# Minicourse on "A mathematical perspective on the structure of matter"

**Date: **May 14 - 18, 2012, 10:00 a.m. - 12:00 noon

There will be no talk on Thursday, May 17, because of holiday

**Venue:** HIM lecture hall, Poppelsdorfer Allee 45

**Speaker: **Richard D. James (University of Minnesota)

Lecture 1: Objective Structures (OS)

Lecture 2: Objective molecular dynamics (OMD)

Lecture 3: Invariant solutions of the Boltzmann equation

Lecture 4: Special topics on objective structures

Abstracts:

Lecture 1: Objective Structures (OS). The building block of crystals is the Bravais lattice, integer coefficients on three linearly independent vectors. However, about half the elements in the periodic table do not crystallize as Bravais lattices, the most common non-Bravais example being the hexagonal close packed (HCP) lattice. However, HCP, and nearly all the others have the following property. Imagine “sitting on” an atom of the lattice and viewing the crystal structure from this perspective. Now sit on another atom of the lattice and “reorient yourself” by a suitable orthogonal transformation. Then one sees precisely the same arrangement of atoms. This idea leads to a definition “objective structures” that includes not only HCP and most of the periodic table, but also the structures – nanotubes, graphene sheets, buckyballs – of main interest in nanotechnology. In the first lecture I will state this definition mathematically and explore its elementary consequences, and its relation to discrete groups of isometries.

Lecture 2: Objective molecular dynamics (OMD). While the definition of OS is a unifying way to think of atomic structures, its most important application is not to structure, but to invariance. The interaction of discrete isometry groups with the main equations of physics, from full quantum mechanics to continuum mechanics, leads to major simplifications. I will explore this assertion mainly in the context of molecular dynamics, and show that it implies the existence of an invariant manifold of these equations. It is a time-dependent manifold, but its dependence on time is explicit. In the case of the translation group, it has dimension 6N, where N is an assignable positive integer. The form of the manifold is independent of the expression for the atomic forces, and for this reason it relates to some of the main procedures used in experimental science to measure the properties of materials. But, this manifold is not optimally exploited, and we suggest better experimental methods implied by theory.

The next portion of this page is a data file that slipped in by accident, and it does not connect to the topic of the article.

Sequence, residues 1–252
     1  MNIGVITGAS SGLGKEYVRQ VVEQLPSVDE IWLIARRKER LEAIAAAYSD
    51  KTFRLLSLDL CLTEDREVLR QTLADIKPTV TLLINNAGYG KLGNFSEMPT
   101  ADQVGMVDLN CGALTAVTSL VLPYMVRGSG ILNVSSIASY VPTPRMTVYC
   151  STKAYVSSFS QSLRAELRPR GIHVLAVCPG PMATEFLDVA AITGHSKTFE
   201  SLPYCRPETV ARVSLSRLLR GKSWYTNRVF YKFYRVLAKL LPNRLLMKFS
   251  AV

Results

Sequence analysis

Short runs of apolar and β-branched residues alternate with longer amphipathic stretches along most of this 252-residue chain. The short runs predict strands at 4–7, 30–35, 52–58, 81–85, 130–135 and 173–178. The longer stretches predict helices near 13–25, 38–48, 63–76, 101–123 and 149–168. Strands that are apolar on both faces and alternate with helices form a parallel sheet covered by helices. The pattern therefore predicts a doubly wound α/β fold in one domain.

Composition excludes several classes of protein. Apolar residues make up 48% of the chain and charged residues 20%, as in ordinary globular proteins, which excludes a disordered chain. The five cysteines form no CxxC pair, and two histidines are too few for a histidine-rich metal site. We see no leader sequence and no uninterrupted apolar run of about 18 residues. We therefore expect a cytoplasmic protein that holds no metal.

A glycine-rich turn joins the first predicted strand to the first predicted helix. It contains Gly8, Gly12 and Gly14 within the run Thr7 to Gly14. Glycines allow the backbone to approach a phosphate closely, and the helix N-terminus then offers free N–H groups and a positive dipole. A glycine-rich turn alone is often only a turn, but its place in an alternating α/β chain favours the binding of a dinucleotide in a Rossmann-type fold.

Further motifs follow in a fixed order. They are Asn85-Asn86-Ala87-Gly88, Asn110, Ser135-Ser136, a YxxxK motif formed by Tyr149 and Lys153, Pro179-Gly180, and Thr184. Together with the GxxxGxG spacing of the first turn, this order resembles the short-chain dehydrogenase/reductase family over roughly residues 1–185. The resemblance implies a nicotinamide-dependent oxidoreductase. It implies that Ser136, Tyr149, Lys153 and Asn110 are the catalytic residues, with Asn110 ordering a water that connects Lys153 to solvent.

Lecture 3: Invariant solutions of the Boltzmann equation. The invariant manifold of OMD also implies a certain “statistics” of molecular motion, and has implications for statistical physics. We explore this connection in the context of the Boltzmann equation. We show that it leads to new explicit far-from-equilibrium solutions of this equation. The Boltzmann equation inherits exactly the invariant manifold of OMD, but, of course, unlike MD, the solutions are not time-reversible on this manifold. These solutions have some surprising properties. For example, Boltzmann’s H-function (minus the entropy) for at least some of these solutions is log (T3/2/ρ) + const., a formula from equilibrium statistical mechanics that is usually interpreted as strictly applicable only to equilibrium, but in this case the temperature T(t) and density ρ(t) are rapidly changing functions of time.

Lecture 4: Special topics on objective structures (OS). We give surveys of some current lines of research on OS. a) ODFT: a strategy for density functional theory on OS, allowing one-atom-per-cell calculations of energy of the main structures of nanotechnology, as well as a method for the investigation of phenomena like “flexoelectricity”, b) Ox-ray crystallography: a possible method analogous to x-ray crystallography to determine the detailed atomic structure of nanostructures in which [plane waves/translation group] is replaced by [a different solution of Maxwell’s equations/different isometry group], c) Oself-assembly: a hypothesis that OS are the natural structures for self-assembly, a design strategy, and a stochastic theory for the time to assemble.

Acknowledgments: A. Banerjee, K. Dayal, G. Friesecke, D. Jüstel, H. van Lengerich, S. Müller